Prominent Chicago Journalist Speaks at NEIU’s Meet the Media Night


Angelica Sanchez

Jen Sabella with Travis Truitt at NEIU’s Meet the Media Night in Sept. 6

Nicole F. Anderson, News and Co-Managing Editor

Prominent Chicago journalist Jen Sabella was the guest speaker at NEIU’s annual “Meet the Media Night” on Sept. 6. Sabella told memories of her student media experience and shared wisdom on her career in journalism.

This was the ninth Meet the Media night at NEIU. The student media organizations (the Independent, WZRD, Seeds and Que Ondee Sola) spoke to the NEIU community on student media importance and why they should join.

All of the student media organizations on campus are completely student-run. The Independent is the bi-weekly newspaper, WZRD the free-form radio station, Seeds is the literary and visual arts journal and Que Ondee Sola is the Puerto Rican and Latinx quarterly magazine.

Following the student media organizations, NEIU Media Adviser Travis Truitt introduced the guest speaker Jen Sabella.

Sabella has roots in several Chicago news organizations, starting at the Columbia Chronicle, Columbia College Chicago’s student-run newspaper. After graduating, Sabella freelanced on the side and waitressed to pay the bills.

Not too long after, Sabella was hired at the Sun Times as a breaking news crime reporter. She explained that before the Sun Times, she wanted to be a music writer but after covering the crime beat, she was hooked and never looked back.

After the Sun Times, Sabella heard about a position at the Chicago branch of the Huffington Post covering Illinois politics, which she applied for and landed the job. At Huffington Post she learned about aggregation and using technology with journalism. She said, “At the time, it was a great experience for me and I learned a lot.”

Sabella went on to explain the importance of networking during her college student-media days, “I got a call and it was this guy, who I kind of knew, his wife taught at Columbia. Again, the networking; it’s ridiculous from school media.”

“But he was like, ‘Hey, so we’re starting a hyper-local news operation and it’s called DNAinfo’ and I was just like, ‘Goodbye, I’m not leaving my job at the Huffington Post to work for some stupidly named hyperlocal website, while Patch is like going up in flames,’” Sabella said.

She continued, “I was like, ‘No,’ and then he told me how much it would pay, and I was like, ‘Yup, yup, I’m in.’ It was like, yeah, you people in New York don’t know what how much people in Chicago get paid.”

Sabella was at DNAInfo Chicago, a hyperlocal news organization that had reporters “embedded” into the neighborhoods, until their owner Joe Ricketts decided to shut down DNAinfo and the Gothamist networks because it wasn’t generating enough income.

Ricketts wrote in a Nov. 2017 statement, “DNAinfo is, at the end of the day, a business, and businesses need to be economically successful if they are to endure.”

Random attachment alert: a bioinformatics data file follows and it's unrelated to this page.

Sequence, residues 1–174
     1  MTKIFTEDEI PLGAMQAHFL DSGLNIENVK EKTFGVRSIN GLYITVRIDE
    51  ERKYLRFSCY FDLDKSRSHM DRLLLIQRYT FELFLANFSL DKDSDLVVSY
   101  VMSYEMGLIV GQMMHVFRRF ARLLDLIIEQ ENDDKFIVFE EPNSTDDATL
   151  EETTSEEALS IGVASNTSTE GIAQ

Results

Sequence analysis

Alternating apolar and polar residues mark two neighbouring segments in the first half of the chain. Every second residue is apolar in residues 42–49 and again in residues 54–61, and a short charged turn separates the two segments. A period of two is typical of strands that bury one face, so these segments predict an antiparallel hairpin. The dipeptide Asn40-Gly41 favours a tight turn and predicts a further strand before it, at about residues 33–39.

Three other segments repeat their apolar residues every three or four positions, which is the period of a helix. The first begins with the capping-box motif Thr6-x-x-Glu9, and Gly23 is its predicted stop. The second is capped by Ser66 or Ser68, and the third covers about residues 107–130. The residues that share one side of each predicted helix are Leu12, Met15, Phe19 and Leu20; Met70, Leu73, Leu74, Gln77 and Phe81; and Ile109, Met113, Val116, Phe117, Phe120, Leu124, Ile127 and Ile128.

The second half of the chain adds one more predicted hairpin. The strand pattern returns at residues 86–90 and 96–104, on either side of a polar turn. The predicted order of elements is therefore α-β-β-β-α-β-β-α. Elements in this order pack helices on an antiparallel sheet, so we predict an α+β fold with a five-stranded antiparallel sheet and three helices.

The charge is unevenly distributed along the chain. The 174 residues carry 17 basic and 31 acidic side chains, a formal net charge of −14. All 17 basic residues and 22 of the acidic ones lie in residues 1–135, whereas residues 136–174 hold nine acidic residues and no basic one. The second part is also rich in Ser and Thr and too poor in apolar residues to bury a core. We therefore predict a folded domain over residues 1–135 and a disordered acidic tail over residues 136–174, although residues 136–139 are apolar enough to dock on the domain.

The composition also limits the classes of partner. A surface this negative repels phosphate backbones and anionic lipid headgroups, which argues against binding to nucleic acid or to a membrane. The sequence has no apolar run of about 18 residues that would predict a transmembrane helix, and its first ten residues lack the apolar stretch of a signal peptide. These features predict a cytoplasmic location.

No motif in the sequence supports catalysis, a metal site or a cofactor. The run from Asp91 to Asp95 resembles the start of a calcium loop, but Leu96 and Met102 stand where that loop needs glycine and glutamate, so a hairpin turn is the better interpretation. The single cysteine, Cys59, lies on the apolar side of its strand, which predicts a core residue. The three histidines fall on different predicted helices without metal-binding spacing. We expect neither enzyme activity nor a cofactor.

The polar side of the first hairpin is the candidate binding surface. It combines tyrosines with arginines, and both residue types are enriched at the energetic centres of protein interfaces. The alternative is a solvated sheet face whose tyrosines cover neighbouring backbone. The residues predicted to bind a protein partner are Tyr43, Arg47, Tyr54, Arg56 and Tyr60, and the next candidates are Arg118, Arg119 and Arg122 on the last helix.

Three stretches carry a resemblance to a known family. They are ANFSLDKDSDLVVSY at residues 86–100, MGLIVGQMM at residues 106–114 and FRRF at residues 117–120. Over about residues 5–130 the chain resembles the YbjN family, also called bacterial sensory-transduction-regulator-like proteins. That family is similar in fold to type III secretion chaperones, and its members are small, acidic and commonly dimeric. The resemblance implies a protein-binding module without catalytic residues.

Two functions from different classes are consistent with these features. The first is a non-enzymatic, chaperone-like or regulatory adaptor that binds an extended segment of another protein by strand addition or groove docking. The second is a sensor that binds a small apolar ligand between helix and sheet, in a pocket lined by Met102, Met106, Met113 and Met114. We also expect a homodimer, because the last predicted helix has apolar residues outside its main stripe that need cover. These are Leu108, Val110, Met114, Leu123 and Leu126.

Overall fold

When I left the Columbia Chronicle, I was like ‘I’m never going to have this again. This is my family, these are my people. We all go out together, we do everything together, we live and breathe this news and DNAinfo was even more so like that.

“I would I always say like we’re a cult. We all were so obsessed with the work and so obsessed with each other and so supportive of each other and coming from these other newsrooms, it was something that I never experienced. And I do think that was part of building something from nothing that made it that special,” Sabella said.

However, DNAinfo Chicago wasn’t the end of Sabella’s hyperlocal news writing, it was only the beginning. Three months after DNAinfo was shut down, a new hyperlocal nonprofit news site arose from the ashes: Block Club Chicago.

Sabella, along with former DNAinfo editors Shamus Toomey and Stephanie Lulay announced they were going to launch Block Club Chicago, a similar concept to DNAinfo.

“As soon as DNA shut down, all these people started coming out of the woodwork wanting to help put it back together… “People realized pretty quickly how much of a void there was after we left,” Sabella said to Heidi Stevens a Chicago Tribune reporter on Feb. 6.

She explained during Meet the Media that Block Club Chicago is a team effort, “I have a title, but we all do everything.”

In addition to Block Club Chicago, Sabella also co-hosts a monthly show with Erika Wozniak called “The Girl Talk.” The show is every fourth Tuesday of the month at The Hideout, 1354 W. Wabansia.

Sabella and Wozniak have a new guest or panel of guests every month. They have interviewed women such as Martha Scott, Toni Preckwinkle, Kim Foxx and Lori Lightfoot. They also have a podcast, which right now, according to Sabella is “really raw,” but they have plans to expand it.

Afterward Sabella gave the audience chance to ask questions. Several students asked about how to put themselves out there, how to pitch an editor, inquired about internships and asked for journalism tips.

Sabella then explained that sometime in the future, Block Club Chicago will have internships available for college students but they need to have their ducks in a row first.

NEIU student Tee Murray said Meet the Media Night can help students “know what’s out there.”

“It was a great way of introducing the students [to student media] to help them figure out,” Murray said. “Maybe they didn’t know how to go about it.”

The Independent newspaper meets every Tuesday from 3 p.m. to 4 p.m. in E-049. The Independent’s main email is [email protected].

Que Ondee Sola’s office hours are from 12 p.m. to 7 p.m. on Tuesdays. QOS’s email is [email protected].

WZRD doesn’t have set meeting times but ask students to email the Program Director Katie Versteegh via at email at [email protected].

SEEDS have monthly meetings. For more information about SEEDS, please email them at: [email protected].